CHICAGO -- As an antidote to Washington, a weekend in Chicago proves wonderfully instructive in the delights of simplicity. The occasion is a reunion of the class of 1947 at the College of the University of Chicago, an odd lot of adolescents and returning veterans, all of whom had struggled with the mysteries of Plato's Dialogues and the other classics our resident demi-god, Robert Maynard Hutchins, decreed to constitute the heart of a liberal education.

After dinner, our classmate, archeologist Robert McCormick Adams, now the secretary of the Smithsonian Institution, tells us we should not try retroactively to invent a homogeneous culture that had not existed in our student days. But we find in conversation that we had more of a bond than we knew. Almost all of us can summon up with ease the terror we had felt in confronting those formidable works of philosophy, science and literature we had been asked to read and analyze. And all of us can recall the occasional exaltation at discovering, in classroom discussion or dormitory bull session, some glimpse of their meaning.

After the reunion events, I leave the South Side for the North, seeking more wisdom from the contemplation of the past. At least 10 years before I set foot on the Midway -- at least 50 years ago, that is -- I started going to ball games at Wrigley Field. And Saturday afternoon I confirm what seems increasingly important -- that it has not changed at all.

I had last checked it out in 1984. I had loved watching the first two playoff games against the Padres, surrounded by other longtime and long-suffering fans, all of us insulated from foreknowledge that the Cubs were about to blow their pennant chances again. But there was no link to the past in a Cubs-Padres rivalry, no precedent for the Cubs' being in a league championship series. It felt very strange watching baseball in October in Wrigley Field.

This Saturday afternoon, by contrast, as the Cubs prepare to play the Cardinals, everything reverberates with tradition. These teams have played each other forever.

Much -- perhaps too much -- has been written about Wrigley Field's fidelity to baseball's past: the grass surface, the ivy on the outfield walls, the refusal to install lights or play night games. Less noted, but equally important, is the simple fact that Wrigley Field allows baseball, the neighborhood game in every American community, to be played in a neighborhood setting.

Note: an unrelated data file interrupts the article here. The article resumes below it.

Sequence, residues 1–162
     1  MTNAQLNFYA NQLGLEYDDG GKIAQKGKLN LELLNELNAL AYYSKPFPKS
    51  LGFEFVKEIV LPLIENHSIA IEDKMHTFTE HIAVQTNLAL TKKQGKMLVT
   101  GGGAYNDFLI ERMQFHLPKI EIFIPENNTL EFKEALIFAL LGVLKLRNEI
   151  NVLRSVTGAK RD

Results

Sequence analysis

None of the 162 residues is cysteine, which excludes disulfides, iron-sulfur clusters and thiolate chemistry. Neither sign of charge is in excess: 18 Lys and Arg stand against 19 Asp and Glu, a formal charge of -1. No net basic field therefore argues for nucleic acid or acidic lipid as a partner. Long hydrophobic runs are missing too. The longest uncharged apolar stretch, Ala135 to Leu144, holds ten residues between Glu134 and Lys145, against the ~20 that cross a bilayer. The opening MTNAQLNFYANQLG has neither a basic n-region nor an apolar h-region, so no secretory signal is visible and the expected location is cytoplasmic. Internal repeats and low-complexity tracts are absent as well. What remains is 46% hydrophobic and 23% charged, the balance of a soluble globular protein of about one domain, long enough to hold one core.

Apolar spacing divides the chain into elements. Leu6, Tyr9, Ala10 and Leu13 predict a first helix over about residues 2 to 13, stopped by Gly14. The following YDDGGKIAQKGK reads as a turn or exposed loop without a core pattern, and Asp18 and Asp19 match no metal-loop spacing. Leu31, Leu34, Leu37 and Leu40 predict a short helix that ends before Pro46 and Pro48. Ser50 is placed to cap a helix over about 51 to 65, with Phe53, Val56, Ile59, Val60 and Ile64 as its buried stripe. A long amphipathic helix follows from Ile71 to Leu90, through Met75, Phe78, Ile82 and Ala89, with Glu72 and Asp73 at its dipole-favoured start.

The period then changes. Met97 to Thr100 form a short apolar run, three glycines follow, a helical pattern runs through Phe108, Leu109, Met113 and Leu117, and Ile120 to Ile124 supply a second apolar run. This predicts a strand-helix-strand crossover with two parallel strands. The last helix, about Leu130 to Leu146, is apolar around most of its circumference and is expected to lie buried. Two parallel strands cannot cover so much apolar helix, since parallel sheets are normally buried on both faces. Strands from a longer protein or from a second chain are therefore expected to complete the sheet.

Almost every other ballpark, old and new, is surrounded by acres of parking lots; many have spaghetti strands of superhighway circling their perimeters. A few years ago, I tried to walk to a night game at Shea Stadium from the LaGuardia Airport motel where I was staying. The distance was modest, but no sidewalks or surface streets lead to the Mets' home. By the time I had dodged traffic to cross three freeways, I was almost too shook-up to enjoy the game.

Wrigley Field, by contrast, is reached on foot. You walk down city sidewalks, past apartment buildings that look no better or worse than they did 50 years ago. The neighborhood is not being gentrified, and it is not slipping slumward. It is the same it always has been, and so is the experience inside the park.

You walk in, buy your scorecard, and find your seat -- in my case, in a box just beyond first base. The seats are still uncushioned wood; the scoreboard is primitive; and the game is unfolding just a few feet away. Time has stopped. The Cardinal bullpen pitchers, soaking up the sun on a bench just beyond the red brick wall where I have rested my beer, are as fresh-faced (and, in this case, as uniformly white) as were the players I first saw 50 years ago.

It is not until I get back in my rental car, savoring the memories of a satisfying 6-5 win, that the meaning of the reunion and the ball game become clear. I tune in Garrison Keillor's next-to-last ''Prairie Home Companion'' broadcast and find him answering questions from people in the audience. A man, obviously unhappy at the program's imminent demise, asks plaintively ''if we'll ever get another glimpse of Lake Wobegon.''

Keillor responds that each of us should be able to construct a far more complete picture of his imaginary village in our minds when he stops giving us the weekly news from Lake Wobegon. He says that he has learned that the fewer details he supplies in his stories, the more convincing the pictures listeners draw for themselves. ''I found that if I just didn't get in the way of people's imaginations, they would give me all kind of credit as a storyteller.''

That comment is more than charming modesty. It explains why Wrigley Field and the College of the University of Chicago exert such a hold on those who attended them. The ballpark has no electronic scoreboards or other distractions to get in the way of the spectator's experience of the game of baseball. And the Hutchins college, today as then, encourages a direct experience -- at whatever level of understanding one can achieve -- of the writings of the finest minds of Western civilization.

Keillor is bowing out, but Wrigley Field and the College of the University of Chicago go on, essentially unchanged. And that is something to celebrate in this overgimmicked, overcomplicated world.